It has come to my attention that we might, within a few short years, find ourselves living on a planet devoid of Square-Enix.
Square-Enix, for those who don't know, is a suit-wearing organization whose members enjoy excellent health benefits in addition to an opportunity to get paid to do things that, as God as their witness, they'd be doing anyway.
Square-Enix is, at the end of the day, a large, shiny office building full of young people with coffee-stained teeth drawing endless pictures of Mickey Mouse and / or wasteland-wandering rhinoceros-sized flame-crackling hovering ghost motorcycles. If I'm not mistaken—and I'm probably not—the average employee of this organization's lunch consists of fried onion ring snacks, and their blood vinegar content is in excess of .02—whatever that means!—what with how much cheap ramen they eat for dinner. Lording over these youngsters are a dozen black-cloaked men—known as "The Thirteen"—whose hoods hide sun-leathered faces (they own yachts) and coal-tar-stained teeth (they eat tar). A few years ago, The Thirteen lost touch with The Five Billion Nine Hundred And Ninety Nine Thousand Nine Hundred and Eighty-Seven, and it seems that now, conveniently, in the wake of a major natural disaster, they're willing to admit that they are in Serious Financial Trouble.
I will tell you what—it's no secret that seven out of ten game pitch documents here in The West are plastered with concept art pulled shamelessly from Deviantart.com, with asterisked captions under every tenth or eleventh image: "This art is copyright Some Talented Individual From The Internet—she or he is not our employee, though this is definitely the sort of thing we would want an artist to do; in fact, we might hire this person." I don't see anything wrong with this method. Well, in Japan, they do: You can't photograph your friend hugging a plastic statue of Colonel Sanders without a representative of Kentucky Fried Chicken theatrically weeping and groping his face at you. It's confusing and weird.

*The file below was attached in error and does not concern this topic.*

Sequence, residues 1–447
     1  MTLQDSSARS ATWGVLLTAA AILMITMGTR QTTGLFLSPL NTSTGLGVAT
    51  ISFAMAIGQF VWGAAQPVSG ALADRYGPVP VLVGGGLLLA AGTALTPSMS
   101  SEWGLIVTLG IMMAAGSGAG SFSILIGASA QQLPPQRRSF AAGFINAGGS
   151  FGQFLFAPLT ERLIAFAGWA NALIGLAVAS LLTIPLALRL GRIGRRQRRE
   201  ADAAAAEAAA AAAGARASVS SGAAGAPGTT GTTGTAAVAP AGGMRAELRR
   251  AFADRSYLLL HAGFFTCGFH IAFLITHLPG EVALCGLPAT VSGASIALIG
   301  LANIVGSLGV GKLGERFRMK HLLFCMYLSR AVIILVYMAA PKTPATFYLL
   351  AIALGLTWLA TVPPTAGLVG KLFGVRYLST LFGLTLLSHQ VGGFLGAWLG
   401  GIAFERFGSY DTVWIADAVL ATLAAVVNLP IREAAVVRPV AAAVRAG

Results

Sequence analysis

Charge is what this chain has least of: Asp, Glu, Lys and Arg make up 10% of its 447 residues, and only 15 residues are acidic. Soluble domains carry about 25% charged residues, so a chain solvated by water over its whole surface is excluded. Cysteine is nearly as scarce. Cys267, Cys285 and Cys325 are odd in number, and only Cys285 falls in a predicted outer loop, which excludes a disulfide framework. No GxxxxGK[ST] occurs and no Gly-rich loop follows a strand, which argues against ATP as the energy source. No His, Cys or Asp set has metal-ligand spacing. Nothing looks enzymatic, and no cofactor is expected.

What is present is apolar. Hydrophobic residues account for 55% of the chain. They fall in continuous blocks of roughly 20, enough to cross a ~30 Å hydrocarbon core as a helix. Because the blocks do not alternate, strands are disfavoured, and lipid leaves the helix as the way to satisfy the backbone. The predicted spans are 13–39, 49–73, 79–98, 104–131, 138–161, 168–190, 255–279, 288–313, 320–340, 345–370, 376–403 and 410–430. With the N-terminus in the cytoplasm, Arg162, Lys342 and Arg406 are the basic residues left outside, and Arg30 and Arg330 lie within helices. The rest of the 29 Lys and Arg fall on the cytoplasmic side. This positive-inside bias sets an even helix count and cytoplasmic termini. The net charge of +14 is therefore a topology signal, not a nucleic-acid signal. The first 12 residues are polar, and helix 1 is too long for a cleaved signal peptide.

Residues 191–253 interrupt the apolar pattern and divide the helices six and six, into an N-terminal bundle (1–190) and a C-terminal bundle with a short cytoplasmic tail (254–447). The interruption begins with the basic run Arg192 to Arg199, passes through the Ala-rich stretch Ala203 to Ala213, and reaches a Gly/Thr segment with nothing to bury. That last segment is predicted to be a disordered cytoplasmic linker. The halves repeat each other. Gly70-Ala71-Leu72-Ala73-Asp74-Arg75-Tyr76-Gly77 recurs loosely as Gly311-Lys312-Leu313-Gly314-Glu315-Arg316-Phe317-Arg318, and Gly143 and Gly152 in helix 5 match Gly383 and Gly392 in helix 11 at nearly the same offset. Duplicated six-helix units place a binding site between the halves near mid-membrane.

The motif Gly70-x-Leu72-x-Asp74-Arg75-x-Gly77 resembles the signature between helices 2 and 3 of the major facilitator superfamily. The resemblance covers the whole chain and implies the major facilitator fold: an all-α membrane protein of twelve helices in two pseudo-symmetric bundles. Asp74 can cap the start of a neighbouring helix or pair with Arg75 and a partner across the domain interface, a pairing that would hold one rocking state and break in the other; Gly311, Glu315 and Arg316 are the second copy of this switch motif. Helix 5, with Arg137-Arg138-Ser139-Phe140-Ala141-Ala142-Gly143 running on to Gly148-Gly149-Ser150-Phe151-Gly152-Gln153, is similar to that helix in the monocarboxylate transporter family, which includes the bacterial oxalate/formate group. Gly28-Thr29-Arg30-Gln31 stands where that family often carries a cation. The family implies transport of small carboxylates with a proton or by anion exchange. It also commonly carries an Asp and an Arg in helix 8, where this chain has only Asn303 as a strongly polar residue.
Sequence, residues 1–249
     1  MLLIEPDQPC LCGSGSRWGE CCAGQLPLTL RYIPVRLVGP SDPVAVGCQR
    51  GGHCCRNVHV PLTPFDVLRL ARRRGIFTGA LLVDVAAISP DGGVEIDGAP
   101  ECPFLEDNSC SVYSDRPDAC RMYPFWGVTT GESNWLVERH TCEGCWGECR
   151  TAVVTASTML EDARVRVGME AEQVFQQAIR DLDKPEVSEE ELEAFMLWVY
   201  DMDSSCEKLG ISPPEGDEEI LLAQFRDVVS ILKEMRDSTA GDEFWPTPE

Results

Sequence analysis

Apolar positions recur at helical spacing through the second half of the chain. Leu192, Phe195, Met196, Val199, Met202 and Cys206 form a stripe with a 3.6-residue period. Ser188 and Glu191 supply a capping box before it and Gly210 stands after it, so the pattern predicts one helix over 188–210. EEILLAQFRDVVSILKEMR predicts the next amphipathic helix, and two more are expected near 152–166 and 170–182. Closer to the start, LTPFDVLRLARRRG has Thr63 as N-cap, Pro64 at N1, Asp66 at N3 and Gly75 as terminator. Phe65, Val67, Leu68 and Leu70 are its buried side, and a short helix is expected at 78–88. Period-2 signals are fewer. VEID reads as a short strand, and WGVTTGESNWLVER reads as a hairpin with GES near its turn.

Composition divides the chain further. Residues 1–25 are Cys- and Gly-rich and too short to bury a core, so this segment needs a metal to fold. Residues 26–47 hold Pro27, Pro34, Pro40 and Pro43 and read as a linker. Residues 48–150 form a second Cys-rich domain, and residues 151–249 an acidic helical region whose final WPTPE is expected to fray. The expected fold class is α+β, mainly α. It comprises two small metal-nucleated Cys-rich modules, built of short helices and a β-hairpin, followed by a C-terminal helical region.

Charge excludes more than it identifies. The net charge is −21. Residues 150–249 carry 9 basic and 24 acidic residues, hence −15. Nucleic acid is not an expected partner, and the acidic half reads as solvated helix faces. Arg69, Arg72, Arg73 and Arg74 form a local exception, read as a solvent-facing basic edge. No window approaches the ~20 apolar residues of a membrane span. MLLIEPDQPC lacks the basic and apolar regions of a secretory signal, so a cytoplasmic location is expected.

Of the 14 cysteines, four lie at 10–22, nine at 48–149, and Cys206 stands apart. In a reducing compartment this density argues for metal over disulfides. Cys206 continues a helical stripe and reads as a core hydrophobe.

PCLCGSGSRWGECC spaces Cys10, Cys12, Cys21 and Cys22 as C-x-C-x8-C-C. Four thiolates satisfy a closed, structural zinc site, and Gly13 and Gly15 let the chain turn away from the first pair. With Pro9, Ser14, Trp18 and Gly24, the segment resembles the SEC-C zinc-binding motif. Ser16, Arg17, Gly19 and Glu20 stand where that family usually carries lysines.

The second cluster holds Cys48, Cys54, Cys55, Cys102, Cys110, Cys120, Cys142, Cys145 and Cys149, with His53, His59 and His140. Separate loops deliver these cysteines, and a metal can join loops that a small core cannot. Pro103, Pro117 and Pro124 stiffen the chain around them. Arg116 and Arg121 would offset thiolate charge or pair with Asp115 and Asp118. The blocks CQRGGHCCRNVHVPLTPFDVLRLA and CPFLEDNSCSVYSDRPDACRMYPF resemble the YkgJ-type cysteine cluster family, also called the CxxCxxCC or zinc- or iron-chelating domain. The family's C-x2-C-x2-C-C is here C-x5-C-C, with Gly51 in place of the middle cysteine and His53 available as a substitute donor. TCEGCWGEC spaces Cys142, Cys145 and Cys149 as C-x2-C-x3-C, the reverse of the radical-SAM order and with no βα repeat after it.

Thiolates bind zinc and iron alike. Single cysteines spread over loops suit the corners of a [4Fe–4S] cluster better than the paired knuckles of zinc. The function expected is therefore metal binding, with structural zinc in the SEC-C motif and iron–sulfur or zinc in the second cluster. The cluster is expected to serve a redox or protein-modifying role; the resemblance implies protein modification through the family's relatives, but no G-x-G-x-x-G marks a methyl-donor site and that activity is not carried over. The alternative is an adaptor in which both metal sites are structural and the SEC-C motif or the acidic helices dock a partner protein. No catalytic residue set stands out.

So what I'm driving at is this: they say Japan is on the skids—re: games, anyway—and they say that The West is on the smooths. I tell you what—the smooths are pretty smooth, up in here. And I tell you what again—in Japan, they wouldn't use some kid's art in their pitch document. They'd have to offer the kid a lifetime contract first. So, in this manner, I present you with a hypothesis that Square-Enix has accumulated—through numerous expansions, attempted expansions, and maybe-superfluous conglomerations, so many artists that a nuclear physicist wouldn't feel wrong assuming that they were probably—and definitely—the most important members of the company.
"They" say one bad apple spoils the whole bunch. I say one bad apple usually means you have ten or eleven more. Square-Enix probably has over a hundred bad apples. I realize it sounds like I'm being snippy and mean. I am not: I am being myself: what I'm saying is that they probably have a whole lot of dumb people working, and making decisions, at Square-Enix.
Nearly two months after one of the five largest earthquakes in recorded history, Square-Enix has one of those public meetings where they talk about money like money were a dead monarch. Every word falling out of the mouths of gray-faced businesscodgers has an ethereal implied apology attached. The point of truth is that, between a little while ago and right now, 600 million yen has turned into a ghost. I'll paraphrase the punchline—as if apologies had punchlines: "We lost 600 million yen, because it's tough times, these times, what with that big earthquake and all." 600 million yen is what Square-Enix would pay me to work for them flex-time five days a week for one hundred gosh darn years.
So is it the earthquake's fault that Square-Enix is crumbling? Or is it that they are merely a shadow of their former spastic, gorgeous glory, now less of a knight in shining armor on a white horse than a headless centaur whose hind legs are a little motorcycle wheel? I'd say the earthquake—real and scary and tremendously horrible as it is—is a mere melting rubber puppet of a convenient excuse. The truth is that Square-Enix is deflating because of all the sucking.
(You want to know which Japanese company could blame the earthquake for their financial collapse? That'd be Irem, who decided that they shouldn't release their years-in-development post-earthquake-survival adventure game Zettai Zetsumei Toshi 4 immediately after the earthquake — when it was planned to drop — or ever, as the issue would likely never stop being a serious, sensitive subject. Irem, for the record, has no other large-scale projects in the pipeline, and likely not enough money to start another one, wonderful and talented as they are.)